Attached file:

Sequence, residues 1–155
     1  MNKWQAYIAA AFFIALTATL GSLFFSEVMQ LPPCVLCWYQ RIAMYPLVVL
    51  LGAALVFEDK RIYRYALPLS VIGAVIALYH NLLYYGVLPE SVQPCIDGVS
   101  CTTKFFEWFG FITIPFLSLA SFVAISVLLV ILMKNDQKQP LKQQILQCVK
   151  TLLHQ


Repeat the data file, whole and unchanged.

Sequence, residues 1–155
     1  MNKWQAYIAA AFFIALTATL GSLFFSEVMQ LPPCVLCWYQ RIAMYPLVVL
    51  LGAALVFEDK RIYRYALPLS VIGAVIALYH NLLYYGVLPE SVQPCIDGVS
   101  CTTKFFEWFG FITIPFLSLA SFVAISVLLV ILMKNDQKQP LKQQILQCVK
   151  TLLHQ